Rice sociologist Elaine Howard Ecklund contradicts the idea that most people in understanding reality and origins of Earth and how life developed see irreconcilable conflict in religion and science, because a majority of scientists interviewed by Ecklund and her colleagues viewed religion and science as “valid avenues of knowledge.”
It’s the recognition of validity of both faith and scientific fact as valid avenues of knowledge that makes life today a little more interesting whether you are sitting in the pew, active in the pulpit or making discoveries in the lab.
Well, Ecklund’s conclusions are wrong or misleading on several counts, and the writer of the Covalence piece, Susan Baretto, either hasn’t read the paper of Ecklund et al. that she cites, has read it and doesn’t understand it, or does understand it but goes along with Ecklund’s distortions.
The paper, by Ecklund, Park, and Sorrell, was published in 2011 in the Journal for the Scientific Study of Religion (reference below; free download); it’s called “Scientists negotiate boundaries between science and faith.” I won’t go over the paper in detail, but want to point out why the characterization above is simply wrong. The “spiritual” part of Ecklund et al. is covered in greater detail in a past guest post by reader Sigmund.
Ecklund et al. surveyed a smallish sample (275) of American scientists at “elite” universities, asking them about their views on spirituality—which Ecklund and the Templeton Foundation take as a synonym for “religion”. Here are the exact questions the scientists were asked.
I’m going to use the words religion and spirituality interchangeably here, recognizing there is a lot of public discussion about the differences between these terms. Could you say a bit about how you understand the terms religion and spirituality?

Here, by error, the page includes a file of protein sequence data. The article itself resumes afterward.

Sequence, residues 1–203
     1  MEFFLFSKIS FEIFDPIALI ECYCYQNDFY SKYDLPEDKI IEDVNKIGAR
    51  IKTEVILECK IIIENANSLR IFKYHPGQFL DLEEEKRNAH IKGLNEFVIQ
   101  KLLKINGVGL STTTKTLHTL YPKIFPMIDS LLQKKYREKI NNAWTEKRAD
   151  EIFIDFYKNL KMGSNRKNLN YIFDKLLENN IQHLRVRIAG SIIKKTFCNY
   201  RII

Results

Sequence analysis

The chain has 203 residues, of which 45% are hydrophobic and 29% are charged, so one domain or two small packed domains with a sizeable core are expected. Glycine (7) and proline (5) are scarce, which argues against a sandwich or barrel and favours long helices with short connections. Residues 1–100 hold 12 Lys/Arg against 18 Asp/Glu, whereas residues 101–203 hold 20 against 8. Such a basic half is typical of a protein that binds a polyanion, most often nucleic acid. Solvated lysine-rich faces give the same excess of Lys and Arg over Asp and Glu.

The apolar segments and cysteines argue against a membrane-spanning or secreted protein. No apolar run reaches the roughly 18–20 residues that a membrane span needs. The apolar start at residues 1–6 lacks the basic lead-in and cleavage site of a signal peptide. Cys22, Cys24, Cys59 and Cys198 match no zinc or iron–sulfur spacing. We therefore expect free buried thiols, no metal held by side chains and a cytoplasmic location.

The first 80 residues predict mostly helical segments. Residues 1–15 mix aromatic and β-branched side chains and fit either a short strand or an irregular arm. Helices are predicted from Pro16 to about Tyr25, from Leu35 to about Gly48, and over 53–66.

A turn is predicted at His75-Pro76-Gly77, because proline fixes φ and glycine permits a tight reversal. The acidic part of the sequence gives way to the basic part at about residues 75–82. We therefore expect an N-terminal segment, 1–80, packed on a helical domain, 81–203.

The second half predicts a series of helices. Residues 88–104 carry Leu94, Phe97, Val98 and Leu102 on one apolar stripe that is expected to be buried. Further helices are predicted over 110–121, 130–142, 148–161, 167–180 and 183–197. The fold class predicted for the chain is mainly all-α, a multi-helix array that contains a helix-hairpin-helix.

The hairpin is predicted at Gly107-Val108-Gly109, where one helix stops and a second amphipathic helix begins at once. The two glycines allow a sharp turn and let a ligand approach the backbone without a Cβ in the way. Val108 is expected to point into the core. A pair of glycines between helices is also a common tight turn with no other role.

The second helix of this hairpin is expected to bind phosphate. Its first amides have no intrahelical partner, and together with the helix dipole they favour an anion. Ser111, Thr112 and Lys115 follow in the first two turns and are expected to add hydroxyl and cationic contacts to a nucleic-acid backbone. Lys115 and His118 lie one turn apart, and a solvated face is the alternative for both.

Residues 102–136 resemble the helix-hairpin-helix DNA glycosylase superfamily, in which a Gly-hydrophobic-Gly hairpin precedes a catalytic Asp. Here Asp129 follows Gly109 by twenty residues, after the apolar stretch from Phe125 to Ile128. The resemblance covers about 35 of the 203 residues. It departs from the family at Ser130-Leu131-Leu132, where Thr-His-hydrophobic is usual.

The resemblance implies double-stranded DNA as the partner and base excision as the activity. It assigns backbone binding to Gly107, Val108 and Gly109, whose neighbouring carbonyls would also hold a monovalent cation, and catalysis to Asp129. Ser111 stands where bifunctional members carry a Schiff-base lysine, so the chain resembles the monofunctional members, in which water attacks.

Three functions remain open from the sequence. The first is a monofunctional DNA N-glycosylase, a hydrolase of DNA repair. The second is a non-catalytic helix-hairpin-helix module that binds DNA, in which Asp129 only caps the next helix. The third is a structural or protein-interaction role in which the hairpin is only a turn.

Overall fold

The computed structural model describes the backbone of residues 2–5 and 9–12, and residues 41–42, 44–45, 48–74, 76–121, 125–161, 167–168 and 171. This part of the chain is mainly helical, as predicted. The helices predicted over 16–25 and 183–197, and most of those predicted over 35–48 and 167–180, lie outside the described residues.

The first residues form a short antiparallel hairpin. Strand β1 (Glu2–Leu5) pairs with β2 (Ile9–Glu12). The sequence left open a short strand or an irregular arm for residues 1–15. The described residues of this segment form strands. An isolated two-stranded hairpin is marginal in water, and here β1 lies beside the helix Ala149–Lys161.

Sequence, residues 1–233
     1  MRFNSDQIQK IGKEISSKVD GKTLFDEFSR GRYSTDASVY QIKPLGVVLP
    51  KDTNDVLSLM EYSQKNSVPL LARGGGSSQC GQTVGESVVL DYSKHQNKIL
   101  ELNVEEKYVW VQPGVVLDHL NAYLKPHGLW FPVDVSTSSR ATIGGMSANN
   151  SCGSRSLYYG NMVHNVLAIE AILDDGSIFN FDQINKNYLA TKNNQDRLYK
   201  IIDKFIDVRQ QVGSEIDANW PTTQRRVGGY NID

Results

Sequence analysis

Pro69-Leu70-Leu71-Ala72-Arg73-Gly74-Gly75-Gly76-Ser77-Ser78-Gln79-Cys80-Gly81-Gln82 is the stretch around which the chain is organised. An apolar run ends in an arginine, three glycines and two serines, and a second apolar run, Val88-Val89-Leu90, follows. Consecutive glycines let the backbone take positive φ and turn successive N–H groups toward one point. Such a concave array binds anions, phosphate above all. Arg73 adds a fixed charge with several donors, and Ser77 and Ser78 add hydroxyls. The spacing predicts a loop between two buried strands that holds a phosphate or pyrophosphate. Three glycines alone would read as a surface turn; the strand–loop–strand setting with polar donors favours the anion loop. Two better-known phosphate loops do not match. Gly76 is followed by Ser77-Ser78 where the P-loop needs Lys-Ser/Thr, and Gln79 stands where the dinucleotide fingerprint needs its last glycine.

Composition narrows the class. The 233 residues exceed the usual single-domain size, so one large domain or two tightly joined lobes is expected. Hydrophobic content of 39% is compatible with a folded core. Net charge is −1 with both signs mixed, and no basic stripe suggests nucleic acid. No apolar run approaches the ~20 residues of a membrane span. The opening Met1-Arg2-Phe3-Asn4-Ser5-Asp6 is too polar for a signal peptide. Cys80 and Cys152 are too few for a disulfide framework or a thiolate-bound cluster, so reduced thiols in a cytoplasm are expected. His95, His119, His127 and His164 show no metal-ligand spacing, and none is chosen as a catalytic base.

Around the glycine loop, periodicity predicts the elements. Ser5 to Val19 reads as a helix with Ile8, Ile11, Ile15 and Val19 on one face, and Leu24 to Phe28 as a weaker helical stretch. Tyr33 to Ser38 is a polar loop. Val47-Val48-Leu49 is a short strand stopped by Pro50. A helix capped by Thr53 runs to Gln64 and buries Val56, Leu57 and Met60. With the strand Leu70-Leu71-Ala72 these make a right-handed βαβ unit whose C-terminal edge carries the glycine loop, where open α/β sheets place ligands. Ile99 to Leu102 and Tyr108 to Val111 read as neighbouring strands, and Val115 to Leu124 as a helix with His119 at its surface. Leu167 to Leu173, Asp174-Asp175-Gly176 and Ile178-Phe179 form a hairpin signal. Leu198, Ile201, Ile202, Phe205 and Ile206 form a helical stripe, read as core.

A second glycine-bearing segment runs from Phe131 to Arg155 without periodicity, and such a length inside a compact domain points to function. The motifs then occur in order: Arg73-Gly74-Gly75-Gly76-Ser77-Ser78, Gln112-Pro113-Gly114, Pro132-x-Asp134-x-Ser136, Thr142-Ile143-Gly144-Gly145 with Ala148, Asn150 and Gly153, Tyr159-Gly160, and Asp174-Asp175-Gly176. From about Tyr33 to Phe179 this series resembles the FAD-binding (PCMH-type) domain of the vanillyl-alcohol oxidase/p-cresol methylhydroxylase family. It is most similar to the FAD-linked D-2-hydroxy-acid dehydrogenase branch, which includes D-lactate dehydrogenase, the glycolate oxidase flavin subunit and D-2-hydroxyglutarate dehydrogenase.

- How do religion and spirituality come up, if at all, in the course of your discipline?
- How about in teaching, does religion or spirituality come up at all in interactions with students or teaching and in what kinds of ways?
- I’m also interested in the relationship between religion and your work as a scientist. How does religion (or spirituality) influence the work you do as a scientist?
- On the other hand, how does being a scientist (social scientist) (if it does at all) influence how you think about or view religion?
- Some say there is a “conflict between science and religion.” How would you respond to such a statement?
- How about now for you personally, how would you describe the place of religion or spirituality in your life?
- What religious or spiritual beliefs do you hold (religiously or spiritually speaking)?
- If you have a religious tradition, in what specific way does being part of that religious tradition influence your life now? What kinds of things do you do to practice being part of that religious tradition?
Note that there is nothing about whether scientists viewed religion and science as “valid avenues of knowledge”!
Here are the distortions in the ELCA characterization above, and in the paper of Ecklund et al.:
- While 15% of scientists saw religion and science as always in conflict, 70% saw them as sometimes in conflict, and another 15% as never in conflict. In other words, 85% of scientists saw some conflict between science and religion. As the paper notes:
When asked about their own views on the relationship between religion and science, respondents fell into three categories. About 15 percent of scientists who completed in-depth interviews said that religion and science were always in conflict. Another 15 percent said they were never in conflict. About 70 percent of those interviewed gave specific contexts in which religion and science are in conflict and others where they are not. The narratives of all three groups of scientists provide important insights into issues related to boundary negotiation.